The Hidden Costs of the Lottery

Lottery is a form of gambling in which people pay a small amount for the chance to win a large sum of money. The prize is often awarded through a process that relies wholly on chance, and it can be difficult to prevent a significant proportion of those who wish to participate in the arrangement from doing so.

In many modern countries, prizes are awarded through a computerized system that randomly selects winning numbers for each drawing. The lottery’s popularity has prompted state governments to promote it as a source of “painless” revenue—that is, a way to increase public spending without raising taxes on the general population.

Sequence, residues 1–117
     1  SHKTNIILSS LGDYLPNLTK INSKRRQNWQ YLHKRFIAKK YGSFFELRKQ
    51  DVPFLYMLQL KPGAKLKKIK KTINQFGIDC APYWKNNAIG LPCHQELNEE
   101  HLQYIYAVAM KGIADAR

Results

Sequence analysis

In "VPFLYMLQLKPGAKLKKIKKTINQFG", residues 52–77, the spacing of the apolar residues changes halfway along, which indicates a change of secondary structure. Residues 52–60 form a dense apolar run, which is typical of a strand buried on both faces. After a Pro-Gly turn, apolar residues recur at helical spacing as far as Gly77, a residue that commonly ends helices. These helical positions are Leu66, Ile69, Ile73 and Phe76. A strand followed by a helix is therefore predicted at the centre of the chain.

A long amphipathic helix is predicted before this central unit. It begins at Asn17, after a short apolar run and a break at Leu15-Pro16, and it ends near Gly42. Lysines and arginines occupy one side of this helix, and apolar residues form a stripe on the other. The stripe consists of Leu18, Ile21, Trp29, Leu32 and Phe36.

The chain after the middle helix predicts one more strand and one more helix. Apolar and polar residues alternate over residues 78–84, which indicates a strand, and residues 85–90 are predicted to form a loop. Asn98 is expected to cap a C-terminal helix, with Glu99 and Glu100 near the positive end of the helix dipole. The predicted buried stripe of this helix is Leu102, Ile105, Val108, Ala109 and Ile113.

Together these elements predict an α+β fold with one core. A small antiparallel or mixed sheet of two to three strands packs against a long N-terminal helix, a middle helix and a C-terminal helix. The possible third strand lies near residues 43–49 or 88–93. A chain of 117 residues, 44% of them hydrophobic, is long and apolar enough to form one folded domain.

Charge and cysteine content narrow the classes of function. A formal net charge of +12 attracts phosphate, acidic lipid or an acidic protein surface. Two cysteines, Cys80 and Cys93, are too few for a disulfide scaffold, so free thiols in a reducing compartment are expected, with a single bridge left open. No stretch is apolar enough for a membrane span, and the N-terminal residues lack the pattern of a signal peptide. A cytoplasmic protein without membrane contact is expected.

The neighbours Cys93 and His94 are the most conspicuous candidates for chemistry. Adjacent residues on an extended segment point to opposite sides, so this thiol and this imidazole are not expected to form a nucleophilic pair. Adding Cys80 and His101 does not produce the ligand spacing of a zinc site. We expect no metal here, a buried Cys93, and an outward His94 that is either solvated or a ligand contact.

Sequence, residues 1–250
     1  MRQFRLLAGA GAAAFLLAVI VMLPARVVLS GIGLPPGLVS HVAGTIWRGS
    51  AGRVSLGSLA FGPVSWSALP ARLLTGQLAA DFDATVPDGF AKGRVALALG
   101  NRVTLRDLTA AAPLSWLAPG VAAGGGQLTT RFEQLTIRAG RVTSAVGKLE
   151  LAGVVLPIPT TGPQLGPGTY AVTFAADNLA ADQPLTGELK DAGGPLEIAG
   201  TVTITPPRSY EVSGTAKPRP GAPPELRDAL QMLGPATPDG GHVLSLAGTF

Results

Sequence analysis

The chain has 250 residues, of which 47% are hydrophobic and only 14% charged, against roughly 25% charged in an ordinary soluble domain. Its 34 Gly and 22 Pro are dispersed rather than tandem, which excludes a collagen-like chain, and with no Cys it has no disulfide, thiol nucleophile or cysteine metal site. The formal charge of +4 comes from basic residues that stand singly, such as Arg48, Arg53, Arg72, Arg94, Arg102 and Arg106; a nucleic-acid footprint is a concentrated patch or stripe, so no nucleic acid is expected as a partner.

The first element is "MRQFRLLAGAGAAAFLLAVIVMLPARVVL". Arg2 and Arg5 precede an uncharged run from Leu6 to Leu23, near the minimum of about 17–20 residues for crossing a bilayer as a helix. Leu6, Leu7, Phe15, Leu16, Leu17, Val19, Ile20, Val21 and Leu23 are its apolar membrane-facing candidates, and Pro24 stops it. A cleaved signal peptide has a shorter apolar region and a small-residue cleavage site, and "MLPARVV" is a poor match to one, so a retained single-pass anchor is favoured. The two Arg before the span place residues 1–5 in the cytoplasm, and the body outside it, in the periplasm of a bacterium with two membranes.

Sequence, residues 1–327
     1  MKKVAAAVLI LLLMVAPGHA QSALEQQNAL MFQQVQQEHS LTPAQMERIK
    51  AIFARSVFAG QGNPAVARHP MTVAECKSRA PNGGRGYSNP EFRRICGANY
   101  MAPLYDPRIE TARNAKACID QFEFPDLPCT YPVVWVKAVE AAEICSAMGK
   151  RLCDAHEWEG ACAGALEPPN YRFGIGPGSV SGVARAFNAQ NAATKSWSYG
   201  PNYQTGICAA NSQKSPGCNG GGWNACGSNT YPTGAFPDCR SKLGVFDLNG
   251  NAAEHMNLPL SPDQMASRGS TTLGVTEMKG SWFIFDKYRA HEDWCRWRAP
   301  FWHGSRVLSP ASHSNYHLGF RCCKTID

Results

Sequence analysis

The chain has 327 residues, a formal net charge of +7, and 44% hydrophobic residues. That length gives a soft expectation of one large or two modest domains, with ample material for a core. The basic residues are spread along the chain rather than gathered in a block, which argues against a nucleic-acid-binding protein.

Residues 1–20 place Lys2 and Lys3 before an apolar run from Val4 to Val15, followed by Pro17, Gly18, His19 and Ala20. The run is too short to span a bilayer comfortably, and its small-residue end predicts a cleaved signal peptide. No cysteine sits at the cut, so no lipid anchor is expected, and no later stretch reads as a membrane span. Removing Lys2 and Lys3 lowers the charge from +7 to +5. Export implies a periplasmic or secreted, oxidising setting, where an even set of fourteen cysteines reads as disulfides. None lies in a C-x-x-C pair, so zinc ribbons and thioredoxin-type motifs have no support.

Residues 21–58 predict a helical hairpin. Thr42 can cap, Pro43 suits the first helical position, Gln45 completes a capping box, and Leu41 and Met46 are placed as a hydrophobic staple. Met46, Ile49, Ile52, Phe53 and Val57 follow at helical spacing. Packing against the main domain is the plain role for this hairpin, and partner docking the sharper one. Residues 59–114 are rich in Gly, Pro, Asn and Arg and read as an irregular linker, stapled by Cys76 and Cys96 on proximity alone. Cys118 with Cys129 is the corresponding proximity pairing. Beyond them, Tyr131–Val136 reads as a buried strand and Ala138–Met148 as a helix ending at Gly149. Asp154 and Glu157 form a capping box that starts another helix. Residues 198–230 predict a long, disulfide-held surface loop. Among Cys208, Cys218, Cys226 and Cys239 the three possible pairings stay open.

But the true cost of the lottery is much higher than just the commissions and advertising fees that are paid by lottery organizers. The biggest expense is the human costs. The lottery offers the illusion of instant riches in an age of inequality and limited social mobility. Many people become addicted to the game and spend a considerable portion of their incomes on tickets.

The villagers in Shirley Jackson’s story “The Lottery” act in ways that reveal the depth of human evilness. They squabble and gossip and exchange lies about one another, but they don’t seem to realize that they are wasting their time by engaging in a wasteful activity that is unlikely to yield a positive outcome. In fact, they might even be worse off than before if they win the lottery.